Not long after the Trump administration announced popular video app TikTok would be banned from app stores starting Sunday, creators and users took to the platform to say their goodbyes — but also voice their dissent.
To the tune of the Titanic soundtrack, creator Sam Horwitz wrote, “Goodbye Charli, goodbye Eat It Katie, goodbye user15025678250724.”
Many made jokes about popular TikTok stars like Charli D’Amelio, Addison Rae, and the Hype House creators having to get jobs at fast-food restaurants like McDonald’s or transitioning to YouTube stars if the app is indeed banned.
Outside the U.S., users posted, “Good thing I don’t live in America.”
Some even wondered if President Donald Trump’s relentless push for a ban wasn’t fueled by revenge for the effect TikTok users had in supposedly duping his campaign over a poorly attended rally in Tulsa earlier this year. Others suspected that Trump was angry about being unable to advertise on the platform, which doesn’t allow political ads.
However, the majority of the users who posted reactions to the ban Friday morning used the time to tell their followers to vote.
“TikTok will save the world on November 3rd!” one user wrote. Another said the ban was an example of “government control” — highlighting the critiques of experts who’ve said Trump’s decision to ban TikTok — which is owned by Chinese technology company ByteDance — over data and national security concerns is hypocritical. Apps like Facebook, Instagram, and YouTube have long collected similar data on their users, experts told Digital Trends.
Some creators like Lillith Ashworth were taken aback by the news.
“I am genuinely surprised Trump actually went through with it,” said Ashworth. “I mean, I’ll always keep the app on my phone so I’ll post videos until it updates to the point where I can’t. But the fact he felt so threatened by an app, and hid behind data collection concerns is ridiculous.”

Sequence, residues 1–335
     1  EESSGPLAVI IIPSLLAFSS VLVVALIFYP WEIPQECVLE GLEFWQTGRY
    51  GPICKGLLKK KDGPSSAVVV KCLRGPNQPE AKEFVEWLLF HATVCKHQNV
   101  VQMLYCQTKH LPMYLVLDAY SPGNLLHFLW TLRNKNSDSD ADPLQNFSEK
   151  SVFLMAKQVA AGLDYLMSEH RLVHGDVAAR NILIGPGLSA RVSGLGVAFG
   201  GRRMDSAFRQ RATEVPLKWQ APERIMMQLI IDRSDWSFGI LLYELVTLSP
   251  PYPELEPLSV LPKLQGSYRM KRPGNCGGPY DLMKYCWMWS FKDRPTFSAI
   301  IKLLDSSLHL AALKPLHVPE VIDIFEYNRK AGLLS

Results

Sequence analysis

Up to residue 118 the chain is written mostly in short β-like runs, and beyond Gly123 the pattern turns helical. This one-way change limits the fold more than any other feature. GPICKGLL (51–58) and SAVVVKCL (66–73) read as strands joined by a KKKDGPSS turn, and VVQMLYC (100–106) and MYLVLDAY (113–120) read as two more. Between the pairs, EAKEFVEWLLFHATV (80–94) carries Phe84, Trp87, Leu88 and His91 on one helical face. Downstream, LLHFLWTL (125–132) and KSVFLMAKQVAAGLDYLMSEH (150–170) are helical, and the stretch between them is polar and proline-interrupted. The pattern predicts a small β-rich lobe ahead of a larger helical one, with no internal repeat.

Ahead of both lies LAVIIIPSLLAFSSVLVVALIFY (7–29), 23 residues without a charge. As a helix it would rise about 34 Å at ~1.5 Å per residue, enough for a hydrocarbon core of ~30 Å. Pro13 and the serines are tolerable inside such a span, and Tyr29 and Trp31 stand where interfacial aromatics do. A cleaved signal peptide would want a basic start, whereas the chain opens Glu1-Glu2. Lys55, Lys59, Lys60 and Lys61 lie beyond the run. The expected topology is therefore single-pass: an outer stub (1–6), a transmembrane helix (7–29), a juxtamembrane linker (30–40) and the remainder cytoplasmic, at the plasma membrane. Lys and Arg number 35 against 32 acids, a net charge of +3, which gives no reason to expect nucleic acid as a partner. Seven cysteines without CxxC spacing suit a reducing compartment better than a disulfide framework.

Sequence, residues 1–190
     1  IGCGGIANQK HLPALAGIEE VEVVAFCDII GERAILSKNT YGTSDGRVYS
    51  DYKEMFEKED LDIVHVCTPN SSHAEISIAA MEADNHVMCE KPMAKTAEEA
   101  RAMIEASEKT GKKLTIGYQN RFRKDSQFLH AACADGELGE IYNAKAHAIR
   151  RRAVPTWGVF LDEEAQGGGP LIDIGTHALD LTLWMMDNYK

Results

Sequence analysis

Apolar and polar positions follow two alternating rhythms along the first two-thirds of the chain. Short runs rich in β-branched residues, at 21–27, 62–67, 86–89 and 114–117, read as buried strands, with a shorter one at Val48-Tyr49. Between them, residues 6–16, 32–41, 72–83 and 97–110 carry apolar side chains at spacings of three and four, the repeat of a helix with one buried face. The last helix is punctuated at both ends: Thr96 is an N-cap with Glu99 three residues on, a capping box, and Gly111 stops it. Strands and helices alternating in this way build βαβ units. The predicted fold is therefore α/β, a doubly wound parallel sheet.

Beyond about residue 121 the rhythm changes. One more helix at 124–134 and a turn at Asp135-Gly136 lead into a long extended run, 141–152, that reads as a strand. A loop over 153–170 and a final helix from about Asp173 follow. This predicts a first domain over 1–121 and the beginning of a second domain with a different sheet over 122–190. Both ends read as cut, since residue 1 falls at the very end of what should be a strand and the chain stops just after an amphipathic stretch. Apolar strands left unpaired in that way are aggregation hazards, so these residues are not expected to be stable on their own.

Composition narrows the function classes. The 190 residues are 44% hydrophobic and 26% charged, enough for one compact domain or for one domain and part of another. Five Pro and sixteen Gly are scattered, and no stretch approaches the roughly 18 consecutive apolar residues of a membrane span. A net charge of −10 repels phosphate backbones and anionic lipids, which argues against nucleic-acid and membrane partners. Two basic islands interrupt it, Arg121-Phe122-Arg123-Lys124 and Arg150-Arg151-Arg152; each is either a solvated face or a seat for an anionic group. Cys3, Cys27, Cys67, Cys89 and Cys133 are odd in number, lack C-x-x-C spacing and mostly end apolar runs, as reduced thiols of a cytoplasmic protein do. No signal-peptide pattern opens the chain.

“This is not the first time Trump has threatened or proposed a ban on the app,” creator Lauren Brown (@raggedyroyal) told Digital Trends on Friday. “I believe that this has lessened the fear that it will actually happen. If the ban does come to fruition, that will take money out of many creators’ pockets.”
A ban in any form will no doubt hurt content creators who primarily use TikTok to make a living — through brand deals and promotions, social media platforms like TikTok have given Gen Z the ability to carve out a profession using their internet expertise and loyal followings.
“Many of these creators have found their niche on this app and may not be able to transfer that to other platforms,” Brown said. “Of course, small creators and POC creators are most disadvantaged by the ban plans. If the ban does happen, I hope that people rally around and support them on other platforms.”
According to a survey done by influencer marketing company Obviously, 65% of creators and influencers on TikTok have been “preparing for changes like this by diversifying their social media.” Many have been directing their followers to their other accounts on other platforms.
Trump gave TikTok until November 12 — after the election — to make a deal and sell off its U.S. operations before an outright ban of the app, possibly to give more time to the parties involved to negotiate. Until then, the app will not be available for download or update starting Sunday.
TikTok said Friday it plans to challenge Trump’s order, calling it “unjust.”
TikTok reportedly has made a deal with American software giant Oracle to be its “technology partner.”
Instagram’s CEO Adam Mosseri said in a tweet Friday that TikTok’s ban “would be quite bad for Instagram, Facebook, and the internet more broadly.”
“If you’re skeptical keep in mind that most of the people who use Instagram are outside the U.S., as is most of our potential growth,” he said. “The long term costs of moods countries making aggressive demands and banning us over the next decade outweigh slowing down one competitor today.
In response to Mosseri, Vanessa Pappas, TikTok’s interim global chief, said in a tweet that not only will the ban affect the social media platform she heads, but of others as well — and called on them to act.
“We agree that this type of ban would be bad for the industry,” said Pappas. “We invite Facebook and Instagram to publicly join our challenge and support our litigation. This is a moment to put aside our competition and focus on core principles like freedom of expression and due process of law.”
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